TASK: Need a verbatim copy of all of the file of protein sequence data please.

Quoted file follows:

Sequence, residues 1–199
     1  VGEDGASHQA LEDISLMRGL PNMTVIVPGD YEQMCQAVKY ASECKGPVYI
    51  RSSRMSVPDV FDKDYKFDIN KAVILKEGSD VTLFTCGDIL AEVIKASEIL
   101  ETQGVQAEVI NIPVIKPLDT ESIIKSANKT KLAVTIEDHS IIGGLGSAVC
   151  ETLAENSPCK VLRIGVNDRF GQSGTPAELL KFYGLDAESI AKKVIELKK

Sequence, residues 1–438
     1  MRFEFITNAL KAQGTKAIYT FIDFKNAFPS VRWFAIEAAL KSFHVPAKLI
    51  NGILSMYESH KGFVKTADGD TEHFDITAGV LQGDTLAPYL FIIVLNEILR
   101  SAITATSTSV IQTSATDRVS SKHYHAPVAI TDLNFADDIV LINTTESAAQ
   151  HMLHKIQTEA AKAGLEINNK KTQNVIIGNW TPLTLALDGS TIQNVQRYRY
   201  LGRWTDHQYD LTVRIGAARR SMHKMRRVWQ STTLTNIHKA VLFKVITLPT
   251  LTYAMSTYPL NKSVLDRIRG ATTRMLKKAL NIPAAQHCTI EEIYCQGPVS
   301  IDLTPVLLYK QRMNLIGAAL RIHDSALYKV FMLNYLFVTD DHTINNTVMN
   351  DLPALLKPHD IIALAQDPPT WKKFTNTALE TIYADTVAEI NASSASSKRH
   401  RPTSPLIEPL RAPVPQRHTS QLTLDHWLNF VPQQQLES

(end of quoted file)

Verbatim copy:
Sequence, residues 1–199
     1  VGEDGASHQA LEDISLMRGL PNMTVIVPGD YEQMCQAVKY ASECKGPVYI
    51  RSSRMSVPDV FDKDYKFDIN KAVILKEGSD VTLFTCGDIL AEVIKASEIL
   101  ETQGVQAEVI NIPVIKPLDT ESIIKSANKT KLAVTIEDHS IIGGLGSAVC
   151  ETLAENSPCK VLRIGVNDRF GQSGTPAELL KFYGLDAESI AKKVIELKK

Sequence, residues 1–438
     1  MRFEFITNAL KAQGTKAIYT FIDFKNAFPS VRWFAIEAAL KSFHVPAKLI
    51  NGILSMYESH KGFVKTADGD TEHFDITAGV LQGDTLAPYL FIIVLNEILR
   101  SAITATSTSV IQTSATDRVS SKHYHAPVAI TDLNFADDIV LINTTESAAQ
   151  HMLHKIQTEA AKAGLEINNK KTQNVIIGNW TPLTLALDGS TIQNVQRYRY
   201  LGRWTDHQYD LTVRIGAARR SMHKMRRVWQ STTLTNIHKA VLFKVITLPT
   251  LTYAMSTYPL NKSVLDRIRG ATTRMLKKAL NIPAAQHCTI EEIYCQGPVS
   301  IDLTPVLLYK QRMNLIGAAL RIHDSALYKV FMLNYLFVTD DHTINNTVMN
   351  DLPALLKPHD IIALAQDPPT WKKFTNTALE TIYADTVAEI NASSASSKRH
   401  RPTSPLIEPL RAPVPQRHTS QLTLDHWLNF VPQQQLES